How many in law enforcement have to die at the hands of criminals?

Nevada Highway Patrol trooper Micah May
Las Vegas Police Officer Shay Mikalonis,
Nevada Highway Patrol trooper Micah May

 Nevada Highway Patrol trooper Micah May is the latest victim at the hands of a criminal. This time justice was served sooner than later when the criminal was shot at the scene by another Highway Patrol officer. If those who attack and kill those in law enforcement could suffer the logical penalty for it at the time of their crimes, law enforcement/cop-killings would likely come to an end. A report released by the National Law Enforcement Officers Memorial Fund (NLEOMF) found that 264 federal, state, military, tribal and local law enforcement officers to date died in the line of duty last year — the highest since 1974. In Las Vegas alone in the last fifteen years, since 2006 when Sgt. Henry Prendes was killed in an ambush responding to a domestic violence call, nine other police officers have lost their life, almost one per year, ten in total, but ten too many. It seems like those who were responsible for the death of those police officers rarely paid for their crimes because there was always a legal loophole that helped them out.
Edgar Samaniego, who shot Officer Shay Mikalonis, has been in the Clark County detention Center since August 2020 and every time they set a court date, something happens and the court date is postponed, making one wonder about the reason for the postponement and why the prosecution is not ready to send Samaniego, an alleged gang member and cop-shooter, to a cell keeping him incommunicado twenty-three hours a day, like the federal agents are doing with Chapo Guzman, who never shot a police officer.
It is always sad to see someone killed at the hands of criminals, but when that someone is a law enforcement agent or officer, the sadness multiplies because in our minds law enforcement personnel are the ones who protect us from the criminals. Seeing them get away with such killings leaves a sadness and heaviness on our hearts.
We can see now that defunding the police and any other attack on them diminishes their value. When we ourselves might’ve cried out for police help but felt they turned a blind eye to us, even though at that particular time they just happened to lessen their obvious dedication and loyalty to the community they chose to serve for who-knows-what-reason.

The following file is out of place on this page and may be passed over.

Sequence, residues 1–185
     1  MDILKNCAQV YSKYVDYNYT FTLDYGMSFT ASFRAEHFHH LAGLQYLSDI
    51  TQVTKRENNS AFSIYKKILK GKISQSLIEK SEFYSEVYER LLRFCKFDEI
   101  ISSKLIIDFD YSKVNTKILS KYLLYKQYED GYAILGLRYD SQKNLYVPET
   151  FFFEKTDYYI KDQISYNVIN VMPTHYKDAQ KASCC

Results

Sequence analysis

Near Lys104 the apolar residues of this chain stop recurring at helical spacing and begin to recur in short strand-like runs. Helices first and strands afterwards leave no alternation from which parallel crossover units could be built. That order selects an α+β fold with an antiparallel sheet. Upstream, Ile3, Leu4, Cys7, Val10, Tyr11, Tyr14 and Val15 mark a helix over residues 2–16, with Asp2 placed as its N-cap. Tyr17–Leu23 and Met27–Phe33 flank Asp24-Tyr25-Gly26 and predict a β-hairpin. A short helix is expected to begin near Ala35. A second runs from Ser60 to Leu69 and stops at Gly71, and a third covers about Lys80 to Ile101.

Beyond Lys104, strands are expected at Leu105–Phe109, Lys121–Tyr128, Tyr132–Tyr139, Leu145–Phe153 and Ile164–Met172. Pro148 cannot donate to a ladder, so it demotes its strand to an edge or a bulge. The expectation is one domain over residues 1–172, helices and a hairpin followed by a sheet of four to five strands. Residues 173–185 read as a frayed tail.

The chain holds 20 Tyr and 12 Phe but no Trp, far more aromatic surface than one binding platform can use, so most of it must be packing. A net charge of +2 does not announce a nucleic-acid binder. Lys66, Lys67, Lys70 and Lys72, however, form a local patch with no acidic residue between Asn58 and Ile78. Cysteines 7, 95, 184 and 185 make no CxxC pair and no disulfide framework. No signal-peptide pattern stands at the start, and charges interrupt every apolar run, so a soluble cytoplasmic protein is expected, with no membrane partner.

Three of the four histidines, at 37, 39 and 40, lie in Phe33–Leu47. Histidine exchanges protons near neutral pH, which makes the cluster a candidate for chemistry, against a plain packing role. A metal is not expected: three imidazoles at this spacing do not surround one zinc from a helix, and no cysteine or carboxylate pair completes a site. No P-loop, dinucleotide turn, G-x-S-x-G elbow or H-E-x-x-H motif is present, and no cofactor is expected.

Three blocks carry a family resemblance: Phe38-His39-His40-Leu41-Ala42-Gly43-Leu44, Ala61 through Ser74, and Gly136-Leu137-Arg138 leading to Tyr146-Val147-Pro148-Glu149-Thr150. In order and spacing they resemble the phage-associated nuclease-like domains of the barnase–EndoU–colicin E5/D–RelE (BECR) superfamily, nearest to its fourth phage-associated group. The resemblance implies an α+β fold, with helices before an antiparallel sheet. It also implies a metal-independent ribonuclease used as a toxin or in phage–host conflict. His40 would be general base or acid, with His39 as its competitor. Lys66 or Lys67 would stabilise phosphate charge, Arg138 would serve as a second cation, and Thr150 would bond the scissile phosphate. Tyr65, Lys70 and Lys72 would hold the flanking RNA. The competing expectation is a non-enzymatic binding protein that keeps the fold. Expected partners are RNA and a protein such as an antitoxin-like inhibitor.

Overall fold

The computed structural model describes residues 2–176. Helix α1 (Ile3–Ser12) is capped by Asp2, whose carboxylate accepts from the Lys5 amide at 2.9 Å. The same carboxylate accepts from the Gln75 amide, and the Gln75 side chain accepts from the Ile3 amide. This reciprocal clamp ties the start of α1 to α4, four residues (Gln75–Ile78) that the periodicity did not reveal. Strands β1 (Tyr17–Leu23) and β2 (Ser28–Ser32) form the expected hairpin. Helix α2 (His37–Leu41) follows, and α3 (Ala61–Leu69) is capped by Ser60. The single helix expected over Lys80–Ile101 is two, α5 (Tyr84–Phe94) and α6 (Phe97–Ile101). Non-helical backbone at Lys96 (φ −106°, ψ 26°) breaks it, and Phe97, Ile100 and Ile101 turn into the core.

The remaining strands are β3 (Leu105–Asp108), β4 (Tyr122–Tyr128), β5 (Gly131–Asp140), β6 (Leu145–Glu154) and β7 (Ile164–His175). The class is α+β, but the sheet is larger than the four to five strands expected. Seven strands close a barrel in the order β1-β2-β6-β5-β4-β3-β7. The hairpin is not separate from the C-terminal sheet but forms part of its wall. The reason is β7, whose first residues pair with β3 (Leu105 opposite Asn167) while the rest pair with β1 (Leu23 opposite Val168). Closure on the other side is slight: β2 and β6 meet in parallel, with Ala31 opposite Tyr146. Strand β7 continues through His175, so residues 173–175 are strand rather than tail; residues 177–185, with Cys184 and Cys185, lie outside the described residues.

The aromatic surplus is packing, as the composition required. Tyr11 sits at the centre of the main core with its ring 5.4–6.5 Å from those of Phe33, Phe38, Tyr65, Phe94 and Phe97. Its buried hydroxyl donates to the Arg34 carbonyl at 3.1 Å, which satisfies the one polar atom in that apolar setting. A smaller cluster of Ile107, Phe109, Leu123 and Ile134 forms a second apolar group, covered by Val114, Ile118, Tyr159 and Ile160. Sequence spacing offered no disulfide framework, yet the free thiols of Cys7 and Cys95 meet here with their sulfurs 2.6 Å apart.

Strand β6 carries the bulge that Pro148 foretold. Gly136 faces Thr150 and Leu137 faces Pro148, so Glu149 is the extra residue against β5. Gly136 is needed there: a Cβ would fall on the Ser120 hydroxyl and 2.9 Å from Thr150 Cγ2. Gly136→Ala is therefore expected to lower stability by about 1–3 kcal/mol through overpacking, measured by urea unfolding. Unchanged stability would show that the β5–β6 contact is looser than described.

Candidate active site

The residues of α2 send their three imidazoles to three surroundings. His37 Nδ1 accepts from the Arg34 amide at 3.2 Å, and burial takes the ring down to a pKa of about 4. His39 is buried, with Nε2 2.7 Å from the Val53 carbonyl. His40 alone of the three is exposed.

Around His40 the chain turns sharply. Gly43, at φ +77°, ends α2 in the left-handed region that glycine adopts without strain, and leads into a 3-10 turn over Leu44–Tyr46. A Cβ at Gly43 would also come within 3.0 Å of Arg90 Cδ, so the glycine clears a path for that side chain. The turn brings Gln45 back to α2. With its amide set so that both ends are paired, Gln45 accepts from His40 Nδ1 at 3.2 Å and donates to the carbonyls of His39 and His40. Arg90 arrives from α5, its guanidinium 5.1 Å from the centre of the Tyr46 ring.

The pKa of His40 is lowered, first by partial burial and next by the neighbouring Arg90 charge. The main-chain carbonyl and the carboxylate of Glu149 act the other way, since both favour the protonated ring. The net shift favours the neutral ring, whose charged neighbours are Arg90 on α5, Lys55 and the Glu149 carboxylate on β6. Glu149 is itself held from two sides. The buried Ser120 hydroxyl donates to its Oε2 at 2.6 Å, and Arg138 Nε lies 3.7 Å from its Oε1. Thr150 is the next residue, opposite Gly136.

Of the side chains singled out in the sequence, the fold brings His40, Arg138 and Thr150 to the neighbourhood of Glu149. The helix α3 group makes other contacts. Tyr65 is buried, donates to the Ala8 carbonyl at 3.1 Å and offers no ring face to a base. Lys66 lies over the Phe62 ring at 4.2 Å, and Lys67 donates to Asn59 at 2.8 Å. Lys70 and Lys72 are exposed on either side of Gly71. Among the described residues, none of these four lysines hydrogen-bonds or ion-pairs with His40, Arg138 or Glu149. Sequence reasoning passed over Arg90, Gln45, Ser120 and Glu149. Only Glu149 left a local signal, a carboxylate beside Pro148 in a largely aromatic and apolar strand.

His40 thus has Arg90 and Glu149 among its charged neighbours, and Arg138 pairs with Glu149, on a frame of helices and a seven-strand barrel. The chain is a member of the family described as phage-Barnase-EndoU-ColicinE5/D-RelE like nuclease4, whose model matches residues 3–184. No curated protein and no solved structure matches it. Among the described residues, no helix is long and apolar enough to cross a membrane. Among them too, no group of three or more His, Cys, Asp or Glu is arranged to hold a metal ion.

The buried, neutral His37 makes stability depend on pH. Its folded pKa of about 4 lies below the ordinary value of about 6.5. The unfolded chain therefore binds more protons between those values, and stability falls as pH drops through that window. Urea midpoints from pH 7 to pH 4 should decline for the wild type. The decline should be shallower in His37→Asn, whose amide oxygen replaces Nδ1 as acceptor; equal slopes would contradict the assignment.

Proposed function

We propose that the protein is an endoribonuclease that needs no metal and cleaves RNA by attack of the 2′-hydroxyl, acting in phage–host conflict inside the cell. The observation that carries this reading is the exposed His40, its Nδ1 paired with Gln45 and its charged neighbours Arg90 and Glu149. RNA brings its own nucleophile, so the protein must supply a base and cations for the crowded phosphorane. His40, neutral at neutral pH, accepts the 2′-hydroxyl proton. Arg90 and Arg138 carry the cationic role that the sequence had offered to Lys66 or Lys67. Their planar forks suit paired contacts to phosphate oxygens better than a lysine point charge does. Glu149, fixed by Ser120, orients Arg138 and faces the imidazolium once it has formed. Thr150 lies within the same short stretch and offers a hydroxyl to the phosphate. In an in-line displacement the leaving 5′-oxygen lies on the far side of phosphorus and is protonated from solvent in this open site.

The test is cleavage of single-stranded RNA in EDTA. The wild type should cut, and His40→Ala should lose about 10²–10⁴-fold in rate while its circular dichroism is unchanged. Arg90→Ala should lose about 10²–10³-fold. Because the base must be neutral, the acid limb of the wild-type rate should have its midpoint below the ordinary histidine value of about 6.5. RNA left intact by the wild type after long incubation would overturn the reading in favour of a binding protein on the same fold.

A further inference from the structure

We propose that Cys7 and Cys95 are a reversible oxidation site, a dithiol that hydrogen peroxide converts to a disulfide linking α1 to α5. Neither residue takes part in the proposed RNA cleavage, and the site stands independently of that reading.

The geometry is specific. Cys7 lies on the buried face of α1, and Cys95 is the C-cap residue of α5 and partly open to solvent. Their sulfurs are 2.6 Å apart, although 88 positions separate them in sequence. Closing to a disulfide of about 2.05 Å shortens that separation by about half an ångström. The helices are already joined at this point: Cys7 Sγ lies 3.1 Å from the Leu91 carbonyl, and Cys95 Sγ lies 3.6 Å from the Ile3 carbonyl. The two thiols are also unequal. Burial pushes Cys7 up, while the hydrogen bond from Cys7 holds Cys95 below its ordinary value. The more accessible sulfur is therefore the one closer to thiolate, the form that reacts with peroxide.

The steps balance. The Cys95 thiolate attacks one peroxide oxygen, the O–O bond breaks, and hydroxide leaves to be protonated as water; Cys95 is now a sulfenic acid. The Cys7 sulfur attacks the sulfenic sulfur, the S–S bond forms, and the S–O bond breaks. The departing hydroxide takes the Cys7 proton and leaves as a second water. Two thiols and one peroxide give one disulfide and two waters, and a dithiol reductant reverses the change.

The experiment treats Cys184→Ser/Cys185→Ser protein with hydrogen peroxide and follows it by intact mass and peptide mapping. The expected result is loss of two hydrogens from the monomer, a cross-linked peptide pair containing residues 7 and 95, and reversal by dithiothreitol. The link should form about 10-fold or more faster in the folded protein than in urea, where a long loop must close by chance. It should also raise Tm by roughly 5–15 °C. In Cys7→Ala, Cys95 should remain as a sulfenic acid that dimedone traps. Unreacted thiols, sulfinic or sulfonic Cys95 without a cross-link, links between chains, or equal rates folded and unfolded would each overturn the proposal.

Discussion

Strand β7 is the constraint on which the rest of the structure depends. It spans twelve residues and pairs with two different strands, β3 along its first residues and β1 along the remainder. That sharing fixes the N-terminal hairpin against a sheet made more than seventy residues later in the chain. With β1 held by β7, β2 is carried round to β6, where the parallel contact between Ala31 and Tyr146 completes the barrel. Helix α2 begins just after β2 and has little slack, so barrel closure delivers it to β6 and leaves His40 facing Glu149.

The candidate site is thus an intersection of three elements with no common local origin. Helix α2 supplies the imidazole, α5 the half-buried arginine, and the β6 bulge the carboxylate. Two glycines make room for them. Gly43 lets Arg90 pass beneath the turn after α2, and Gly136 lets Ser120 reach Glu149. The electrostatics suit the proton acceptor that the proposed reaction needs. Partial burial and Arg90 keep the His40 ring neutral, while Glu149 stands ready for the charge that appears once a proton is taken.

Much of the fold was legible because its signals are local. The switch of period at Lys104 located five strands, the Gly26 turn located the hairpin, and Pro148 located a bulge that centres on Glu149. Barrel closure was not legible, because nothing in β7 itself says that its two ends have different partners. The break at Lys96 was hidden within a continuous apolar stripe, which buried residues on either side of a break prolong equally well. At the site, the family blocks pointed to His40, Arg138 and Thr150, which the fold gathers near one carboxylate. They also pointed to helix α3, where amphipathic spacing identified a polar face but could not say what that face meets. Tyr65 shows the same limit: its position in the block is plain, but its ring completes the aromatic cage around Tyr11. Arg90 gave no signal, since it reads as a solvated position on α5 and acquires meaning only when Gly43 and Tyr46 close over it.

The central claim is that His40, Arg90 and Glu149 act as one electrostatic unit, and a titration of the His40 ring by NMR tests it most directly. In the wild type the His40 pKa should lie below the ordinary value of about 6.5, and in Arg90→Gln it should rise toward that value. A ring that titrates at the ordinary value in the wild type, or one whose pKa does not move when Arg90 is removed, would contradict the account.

Sure, many of us at one time or another, may have had an experience, confrontation, or altercation with a police officer because at that time we failed to realize that the officer is also a human being and as such, is entitled to a bad moment or a slip of the tongue, just as we are, and we failed to look at them as the example and authority figure that they are.
Twenty-three years ago, the Las Vegas Tribune was founded for the sole purpose of exposing the bad apples in the police department after being victims ourselves of some cowardly police detectives who could only show their bravery or their manhood with the badge and gun visible to others. The more we communicated with them, the more we could see through them and the more we realized that in most cases those who used the badge and the gun to emphasize their cajones were just plainclothes detectives with close ties to the higher-ups in the administration, those who enjoyed their own ego and cocky attitude because those detectives knew how to kiss the butts of the administration; and the police officers in uniform sometimes were    victims of their counterparts in plainclothes.
Over the years, we’ve learned to appreciate and respect our police force in uniform and we’ve exposed those walking into the courthouse showing their big bellies, walking like they’re real men, displaying their guns and their badges and looking at the marshals and the uniformed officers as though they’re way beneath them.
Our articles exposing that behavior within the department’s bad boys has stopped since they’re behaving a little better and more like human beings. We’re glad to see that change because their behavior reflects on the good men and women in the field.
We offer our sincere condolences to the family, friends and fellow officers of Nevada Highway Patrol Trooper Micah May; and we offer our respect to Officer Shay Mikalonis that extends to his family, friends and fellow officers; we can assure this community that we, at the Las Vegas Tribune, will continue to follow his recuperation and if we do not seem to be part of any “official recognition” it’s because for the last ten years this newspaper has been discriminated against by the current administration.
Still, every day here in the Las Vegas Tribune’s humble office, we pray for the recuperation of Officer Shay Mikalonis and hope that the heartless juvenile delinquent who shot him will not be able to slip through the cracks of the alleged Constitution of this great nation.

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